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Govea v. State

United States District Court, M.D. Tennessee, Nashville Division

July 16, 2019

TONY ARMANDO GOVEA, Plaintiff,
v.
STATE OF TENNESSEE, et al., Defendants.

          MEMORANDUM OPINION

          WAVERLY D. CRENSHAW, JR. CHIEF UNITED STATES DISTRICT JUDGE.

         Tony Armando Govea, a pre-trial detainee in the custody of the Montgomery County Jail in Clarksville, Tennessee, filed this pro se, in forma pauperis action under 42 U.S.C. § 1983 against the State of Tennessee and the District Attorney's Office. (Doc. No. 1). He also has filed a “Motion for Dismissal of All Charges.” (Doc. No. 5).

         The complaint is before the Court for an initial review pursuant to the Prison Litigation Reform Act (“PLRA”), 28 U.S.C. §§ 1915(e)(2) and 1915A.

         I. PLRA Screening Standard

         Under the PLRA, the Court must conduct an initial review of any civil complaint brought by a prisoner if it is filed in forma pauperis, 28 U.S.C. § 1915(e)(2), seeks relief from government entities or officials, 28 U.S.C. § 1915A, or challenges the prisoner's conditions of confinement. 42 U.S.C. § 1997e(c). Upon conducting this review, the Court must dismiss the complaint, or any portion thereof, that fails to state a claim upon which relief can be granted, is frivolous, or seeks monetary relief from a defendant who is immune from such relief. 28 U.S.C. §§ 1915(e)(2) and 1915A; 42 U.S.C. § 1997e(c). The Sixth Circuit has confirmed that the dismissal standard articulated by the Supreme Court in Ashcroft v. Iqbal, 556 U.S. (2009), and Bell Atlantic Corp. v. Twombly, 550 U.S. 544, 127 S.Ct. 1955, 167 L.Ed.2d 929 (2007), “governs dismissals for failure to state a claim under those statutes because the relevant statutory language tracks the language in Rule 12(b)(6).” Hill v. Lappin, 630 F.3d 468, 470-71 (6th Cir. 2010). Thus, to survive scrutiny on initial review, “a complaint must contain sufficient factual matter, accepted as true, to ‘state a claim to relief that is plausible on its face.'” Iqbal, 556 U.S. at 678 (quoting Twombly, 550 U.S. at 570). “A claim has facial plausibility when the plaintiff pleads factual content that allows the court to draw the reasonable inference that the defendant is liable for the misconduct alleged.” Id. (citing Twombly, 550 U.S. at 556).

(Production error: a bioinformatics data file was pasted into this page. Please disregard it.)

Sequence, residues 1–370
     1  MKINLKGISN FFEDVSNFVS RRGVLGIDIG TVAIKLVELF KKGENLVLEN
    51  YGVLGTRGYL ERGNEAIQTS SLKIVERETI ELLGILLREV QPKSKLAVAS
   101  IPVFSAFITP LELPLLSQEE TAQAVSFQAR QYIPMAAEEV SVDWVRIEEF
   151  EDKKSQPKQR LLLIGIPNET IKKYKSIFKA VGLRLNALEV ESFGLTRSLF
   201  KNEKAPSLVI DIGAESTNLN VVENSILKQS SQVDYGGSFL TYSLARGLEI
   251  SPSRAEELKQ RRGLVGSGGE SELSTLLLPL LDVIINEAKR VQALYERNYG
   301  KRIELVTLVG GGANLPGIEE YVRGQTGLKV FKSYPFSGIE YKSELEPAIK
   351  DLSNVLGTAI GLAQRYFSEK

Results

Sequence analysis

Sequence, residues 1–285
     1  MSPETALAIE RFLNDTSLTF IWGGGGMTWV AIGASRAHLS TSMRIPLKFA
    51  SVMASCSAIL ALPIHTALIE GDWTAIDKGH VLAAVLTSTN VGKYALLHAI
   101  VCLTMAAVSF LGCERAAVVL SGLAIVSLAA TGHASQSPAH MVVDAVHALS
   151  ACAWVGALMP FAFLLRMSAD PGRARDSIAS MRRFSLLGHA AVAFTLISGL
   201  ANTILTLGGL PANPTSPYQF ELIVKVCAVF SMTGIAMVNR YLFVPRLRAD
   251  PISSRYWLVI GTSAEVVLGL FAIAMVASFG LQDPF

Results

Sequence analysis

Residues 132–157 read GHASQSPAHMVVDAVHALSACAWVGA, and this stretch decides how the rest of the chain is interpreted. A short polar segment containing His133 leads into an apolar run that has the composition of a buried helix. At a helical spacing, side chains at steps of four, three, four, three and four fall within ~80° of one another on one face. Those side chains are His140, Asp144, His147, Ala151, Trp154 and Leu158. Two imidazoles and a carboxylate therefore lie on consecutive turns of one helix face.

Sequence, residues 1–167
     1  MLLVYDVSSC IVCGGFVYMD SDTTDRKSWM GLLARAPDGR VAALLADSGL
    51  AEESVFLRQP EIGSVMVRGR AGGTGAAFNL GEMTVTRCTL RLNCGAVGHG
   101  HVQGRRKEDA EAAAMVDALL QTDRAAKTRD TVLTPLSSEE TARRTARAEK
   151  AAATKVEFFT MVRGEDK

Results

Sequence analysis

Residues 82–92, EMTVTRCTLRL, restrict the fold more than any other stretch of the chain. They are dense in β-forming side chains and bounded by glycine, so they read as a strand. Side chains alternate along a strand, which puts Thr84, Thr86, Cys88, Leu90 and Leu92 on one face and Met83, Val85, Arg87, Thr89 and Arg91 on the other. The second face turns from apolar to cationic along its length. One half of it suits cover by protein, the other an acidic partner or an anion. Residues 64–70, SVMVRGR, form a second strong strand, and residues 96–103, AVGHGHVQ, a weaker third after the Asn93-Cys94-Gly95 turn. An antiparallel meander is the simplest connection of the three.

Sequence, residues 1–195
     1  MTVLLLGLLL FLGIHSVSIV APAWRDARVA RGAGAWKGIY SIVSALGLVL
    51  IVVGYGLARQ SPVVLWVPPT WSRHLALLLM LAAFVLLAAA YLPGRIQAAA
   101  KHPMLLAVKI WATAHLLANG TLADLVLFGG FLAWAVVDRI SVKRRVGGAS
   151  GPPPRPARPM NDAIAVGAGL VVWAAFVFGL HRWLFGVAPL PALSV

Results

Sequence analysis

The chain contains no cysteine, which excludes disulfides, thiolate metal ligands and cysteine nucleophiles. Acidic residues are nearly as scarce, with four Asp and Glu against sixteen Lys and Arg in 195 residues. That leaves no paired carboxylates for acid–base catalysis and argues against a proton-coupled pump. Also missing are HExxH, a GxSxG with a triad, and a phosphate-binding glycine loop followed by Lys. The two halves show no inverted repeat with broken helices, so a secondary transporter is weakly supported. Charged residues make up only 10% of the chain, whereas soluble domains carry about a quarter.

In reviewing the complaint to determine whether it states a plausible claim, “a district court must (1) view the complaint in the light most favorable to the plaintiff and (2) take all well-pleaded factual allegations as true.” Tackett v. M & G Polymers, USA, LLC, 561 F.3d 478, 488 (6th Cir.2009) (citing Gunasekera v. Irwin, 551 F.3d 461, 466 (6th Cir.2009) (citations omitted)). A pro se pleading must be liberally construed and “held to less stringent standards than formal pleadings drafted by lawyers.” Erickson v. Pardus, 551 U.S. 89, 94 (2007) (citing Estelle v. Gamble, 429 U.S. 97, 106 (1976)).

         II. Section 1983 Standard

         Title 42 U.S.C. § 1983 creates a cause of action against any person who, acting under color of state law, abridges “rights, privileges, or immunities secured by the Constitution and laws . . . .” To state a claim under Section 1983, a plaintiff must allege and show two elements: (1) that he was deprived of a right secured by the Constitution or laws of the United States; and (2) that the deprivation was caused by a person acting under color of state law. Dominguez v. Corr. Med. Servs., 555 F.3d 543, 549 (6th Cir. 2009) (quoting Sigley v. City of Panama Heights, 437 F.3d 527, 533 (6th Cir. 2006)); 42 U.S.C. § 1983.